ANDERSON – Chuck Pagano is having no trouble finding a little shut-eye in his Anderson University dorm room.
For most head coaches, the thought of starting a player at right tackle, who has played that position for just one game in his entire football career, might not make one sleep easy at night.
Pagano isn't worried about Jack Mewhort though.
"Until he proves otherwise, I sleep well at night knowing that he's in there," Pagano says of the Colts new starting right tackle.
"He's been great. He's consistent. He doesn't make mental errors, he's on the right guy (in the) run game, pass game. Tough guy. He's going to be a good player for us."
Mewhort has spent the first eight practices of the 2015 Training Camp proving why the Colts have the faith in him to cement the vacant right tackle spot.
A year after settling in at guard, Mewhort's present (and future) in the NFL now appears to be out on the edge.
The obvious differences in space are perhaps the biggest physical change Mewhort now faces at right tackle.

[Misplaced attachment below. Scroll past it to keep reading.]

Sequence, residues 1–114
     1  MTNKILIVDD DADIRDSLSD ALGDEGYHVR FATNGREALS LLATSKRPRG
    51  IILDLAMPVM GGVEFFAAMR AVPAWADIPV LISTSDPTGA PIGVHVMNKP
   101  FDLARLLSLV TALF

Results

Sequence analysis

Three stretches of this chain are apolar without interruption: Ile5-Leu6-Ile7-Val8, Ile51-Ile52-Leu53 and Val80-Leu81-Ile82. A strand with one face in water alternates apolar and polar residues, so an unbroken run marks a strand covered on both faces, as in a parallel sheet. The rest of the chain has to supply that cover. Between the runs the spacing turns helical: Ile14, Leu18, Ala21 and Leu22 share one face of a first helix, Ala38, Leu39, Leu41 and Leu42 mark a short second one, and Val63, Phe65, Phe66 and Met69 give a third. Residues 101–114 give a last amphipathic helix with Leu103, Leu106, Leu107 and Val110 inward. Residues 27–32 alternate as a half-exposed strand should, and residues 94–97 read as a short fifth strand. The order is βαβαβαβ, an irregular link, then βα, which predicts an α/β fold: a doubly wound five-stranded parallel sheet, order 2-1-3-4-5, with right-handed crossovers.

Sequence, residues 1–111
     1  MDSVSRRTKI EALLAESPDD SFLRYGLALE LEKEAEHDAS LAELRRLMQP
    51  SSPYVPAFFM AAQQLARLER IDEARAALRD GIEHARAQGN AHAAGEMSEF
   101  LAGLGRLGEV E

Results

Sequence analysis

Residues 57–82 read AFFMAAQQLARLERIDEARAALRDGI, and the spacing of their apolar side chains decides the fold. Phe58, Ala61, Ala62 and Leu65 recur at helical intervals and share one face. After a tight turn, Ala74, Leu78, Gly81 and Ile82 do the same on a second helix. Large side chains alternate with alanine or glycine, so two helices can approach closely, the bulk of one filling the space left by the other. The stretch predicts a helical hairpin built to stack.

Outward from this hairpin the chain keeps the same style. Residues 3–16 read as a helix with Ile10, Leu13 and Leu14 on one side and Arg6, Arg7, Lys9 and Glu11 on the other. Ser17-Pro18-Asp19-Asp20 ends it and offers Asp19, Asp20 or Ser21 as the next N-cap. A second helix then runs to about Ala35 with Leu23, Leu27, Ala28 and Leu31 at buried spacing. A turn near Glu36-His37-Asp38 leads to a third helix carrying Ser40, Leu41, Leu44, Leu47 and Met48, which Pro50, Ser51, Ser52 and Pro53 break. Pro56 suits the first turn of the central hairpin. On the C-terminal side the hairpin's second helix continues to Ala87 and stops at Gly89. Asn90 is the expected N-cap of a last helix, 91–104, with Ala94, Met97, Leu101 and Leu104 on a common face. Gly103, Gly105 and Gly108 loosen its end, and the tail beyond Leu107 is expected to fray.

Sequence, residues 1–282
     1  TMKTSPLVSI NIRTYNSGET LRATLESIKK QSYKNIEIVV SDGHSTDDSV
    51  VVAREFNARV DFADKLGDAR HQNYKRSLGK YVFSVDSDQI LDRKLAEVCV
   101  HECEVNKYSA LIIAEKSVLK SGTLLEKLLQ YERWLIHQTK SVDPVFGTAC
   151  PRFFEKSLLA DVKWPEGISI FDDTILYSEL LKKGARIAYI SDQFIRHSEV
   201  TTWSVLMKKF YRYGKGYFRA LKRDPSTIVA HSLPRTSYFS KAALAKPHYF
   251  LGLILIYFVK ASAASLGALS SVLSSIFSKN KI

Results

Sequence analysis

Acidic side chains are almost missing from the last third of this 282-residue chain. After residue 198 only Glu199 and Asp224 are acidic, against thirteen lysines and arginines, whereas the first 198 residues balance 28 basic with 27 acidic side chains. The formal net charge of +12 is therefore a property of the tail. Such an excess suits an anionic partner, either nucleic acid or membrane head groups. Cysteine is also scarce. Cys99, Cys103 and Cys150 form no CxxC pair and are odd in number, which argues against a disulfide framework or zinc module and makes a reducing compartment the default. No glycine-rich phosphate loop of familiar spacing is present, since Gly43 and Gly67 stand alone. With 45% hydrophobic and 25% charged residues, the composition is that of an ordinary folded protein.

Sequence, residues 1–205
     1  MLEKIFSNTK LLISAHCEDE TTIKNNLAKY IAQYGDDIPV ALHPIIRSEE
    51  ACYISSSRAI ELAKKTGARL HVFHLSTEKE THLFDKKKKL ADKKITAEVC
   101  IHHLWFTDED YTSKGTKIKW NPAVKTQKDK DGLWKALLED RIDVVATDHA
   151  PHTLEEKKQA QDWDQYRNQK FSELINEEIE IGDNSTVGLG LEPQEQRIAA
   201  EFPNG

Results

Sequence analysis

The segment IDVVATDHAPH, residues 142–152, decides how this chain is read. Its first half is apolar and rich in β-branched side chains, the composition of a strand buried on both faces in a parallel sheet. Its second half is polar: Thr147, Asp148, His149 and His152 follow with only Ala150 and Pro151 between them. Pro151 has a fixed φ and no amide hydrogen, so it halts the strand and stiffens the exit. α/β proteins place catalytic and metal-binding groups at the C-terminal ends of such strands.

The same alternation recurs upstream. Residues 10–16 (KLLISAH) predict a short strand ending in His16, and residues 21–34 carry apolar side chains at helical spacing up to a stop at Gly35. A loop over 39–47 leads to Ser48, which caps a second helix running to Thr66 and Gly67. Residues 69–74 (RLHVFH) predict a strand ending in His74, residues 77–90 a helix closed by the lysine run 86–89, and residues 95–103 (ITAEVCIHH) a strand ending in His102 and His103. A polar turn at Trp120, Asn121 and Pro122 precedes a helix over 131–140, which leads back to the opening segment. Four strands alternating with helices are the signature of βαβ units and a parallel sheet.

Instead of being in a more confined area at guard, Mewhort now must prep for some of the game's most dynamic edge rushers coming at him.
After a mini-camp, and now more than a week of Training Camp, of drilling at right tackle, fine tuning all the assignments remains a hurdle that hasn't been completely cleared.
"Just the little things as far as contingencies. If this happens, I do this, or if this happens, I do this," Mewhort says about what he still needs to learn at right tackle.
"As far as technique goes, it's a little bit different. Out on the edges, there is a little bit more space, so it's a lot of little stuff. Football is football and playing offensive line, all the positions are a pretty similar, but it's just the little things that define the position and the player."
One area Mewhort definitely has down at tackle is the most important factor in anyone who lines up on the Colts offensive line this season.
Mewhort's previous days as a tackle came on the left side at Ohio State.
A different offensive system is here in Indianapolis, and the cargo needing to be protected is of the most importance.
"Obviously when you have a quarterback like Andrew Luck, you are going to drop back and you're going to let him make plays, so you have to be able to protect. At Ohio State, it was more quick passes and a lot of run blocking a lot of getting the ball out fast," Mewhort says, comparing his time at left tackle in college.
"At this level, it's making sure that you can get a guy, a high-caliber quarterback, enough time to do his job."
Highlights from Sunday's practice!